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The basics of the Fair Housing Act

April is Fair Housing Awareness month, which is a great time to touch on some basics of the Fair Housing Act, which can have some implications for those involved in real estate transactions. The Fair Housing Act covers a lot of residential buildings, though some single-home and smaller units that are occupied by owners are exempt. One of the major purposes of the act is to ensure that access to housing is not impeded because of someone's religion, race, ethnicity, gender, age or other such factor.

When selling or renting properties, you cannot make decisions about buyers or tenants based on demographic factors. For example, no one may refuse to grant a lease or sell a home to someone based on the person's race or handicap. You also can't set different terms because of a demographic factor or refuse to negotiate in a manner that you might with another person. Taking any action that impedes someone's access to buying or leasing a property simply because of their familial status, gender or other demographic is illegal under the act.

It's not just access to a home or apartment that is protected under the act. Mortgage providers can't deny a loan based solely on such factors either. That's not to say that landlords and mortgage providers have to provide service to everyone who applies; they are still allowed to deny based on factors such as credit, failures of background checks or income limitations, for example.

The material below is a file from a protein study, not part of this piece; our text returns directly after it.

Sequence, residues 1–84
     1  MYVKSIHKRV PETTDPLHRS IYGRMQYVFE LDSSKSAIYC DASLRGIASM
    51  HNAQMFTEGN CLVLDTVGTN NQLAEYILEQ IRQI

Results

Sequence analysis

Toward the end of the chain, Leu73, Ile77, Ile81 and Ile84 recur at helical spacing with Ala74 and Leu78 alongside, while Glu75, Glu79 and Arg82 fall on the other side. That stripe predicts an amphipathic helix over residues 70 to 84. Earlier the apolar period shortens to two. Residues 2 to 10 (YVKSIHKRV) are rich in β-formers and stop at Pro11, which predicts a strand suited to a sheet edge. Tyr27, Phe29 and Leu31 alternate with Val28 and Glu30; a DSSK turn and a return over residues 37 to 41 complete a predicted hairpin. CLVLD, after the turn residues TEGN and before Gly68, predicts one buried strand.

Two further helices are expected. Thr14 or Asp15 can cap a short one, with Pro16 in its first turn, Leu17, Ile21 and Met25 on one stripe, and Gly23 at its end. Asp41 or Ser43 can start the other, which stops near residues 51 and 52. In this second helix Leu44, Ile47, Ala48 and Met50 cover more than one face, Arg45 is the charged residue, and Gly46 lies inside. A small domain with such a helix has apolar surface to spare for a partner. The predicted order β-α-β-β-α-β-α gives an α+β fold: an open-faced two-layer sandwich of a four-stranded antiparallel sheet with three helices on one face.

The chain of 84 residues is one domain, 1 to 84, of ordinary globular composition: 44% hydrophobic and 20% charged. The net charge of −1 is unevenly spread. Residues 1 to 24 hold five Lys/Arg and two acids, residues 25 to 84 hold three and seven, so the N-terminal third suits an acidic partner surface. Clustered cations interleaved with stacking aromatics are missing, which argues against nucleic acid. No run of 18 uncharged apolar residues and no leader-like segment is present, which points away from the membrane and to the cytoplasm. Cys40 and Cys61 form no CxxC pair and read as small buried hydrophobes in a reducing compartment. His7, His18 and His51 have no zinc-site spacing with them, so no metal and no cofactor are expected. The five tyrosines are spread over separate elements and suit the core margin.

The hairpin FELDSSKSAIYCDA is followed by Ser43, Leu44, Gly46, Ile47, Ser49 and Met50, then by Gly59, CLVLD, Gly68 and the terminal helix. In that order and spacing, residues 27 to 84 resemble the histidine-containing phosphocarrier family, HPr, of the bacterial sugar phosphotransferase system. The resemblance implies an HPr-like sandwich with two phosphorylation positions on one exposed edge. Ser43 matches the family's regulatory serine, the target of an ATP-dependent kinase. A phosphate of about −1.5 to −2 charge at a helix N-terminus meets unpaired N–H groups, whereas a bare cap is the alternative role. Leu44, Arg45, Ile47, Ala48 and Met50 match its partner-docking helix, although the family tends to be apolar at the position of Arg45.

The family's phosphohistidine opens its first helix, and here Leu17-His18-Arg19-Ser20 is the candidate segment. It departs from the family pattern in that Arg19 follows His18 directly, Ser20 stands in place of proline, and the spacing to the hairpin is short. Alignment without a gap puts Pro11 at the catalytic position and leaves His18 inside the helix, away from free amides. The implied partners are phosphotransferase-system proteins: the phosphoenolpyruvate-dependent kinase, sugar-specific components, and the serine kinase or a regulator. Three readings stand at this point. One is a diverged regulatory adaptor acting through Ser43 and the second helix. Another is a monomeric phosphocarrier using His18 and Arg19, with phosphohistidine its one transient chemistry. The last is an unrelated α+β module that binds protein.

Further protections under the Fair Housing Act require accommodation for those with disabilities. If a visually impaired person qualifies to rent an apartment that normally has a no-pet policy, that person must be allowed to have a trained guide dog if applicable. If you are dealing with real estate transactions and want to ensure you are compliant with all federal laws, consider working with an attorney to vet your deals and contracts.

Source: U.S Department of Housing and Urban Development, "Fair Housing-It's Your Right," accessed April 07, 2017

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